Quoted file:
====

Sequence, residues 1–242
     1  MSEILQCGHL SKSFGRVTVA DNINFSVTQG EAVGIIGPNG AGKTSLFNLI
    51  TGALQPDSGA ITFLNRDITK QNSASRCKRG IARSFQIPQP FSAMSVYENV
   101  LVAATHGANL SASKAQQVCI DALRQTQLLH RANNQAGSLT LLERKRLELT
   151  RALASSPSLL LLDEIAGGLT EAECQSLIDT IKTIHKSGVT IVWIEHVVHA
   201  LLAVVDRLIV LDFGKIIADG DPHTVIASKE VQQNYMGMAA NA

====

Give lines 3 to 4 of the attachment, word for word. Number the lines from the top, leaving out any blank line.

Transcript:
    51  TGALQPDSGA ITFLNRDITK QNSASRCKRG IARSFQIPQP FSAMSVYENV
   101  LVAATHGANL SASKAQQVCI DALRQTQLLH RANNQAGSLT LLERKRLELT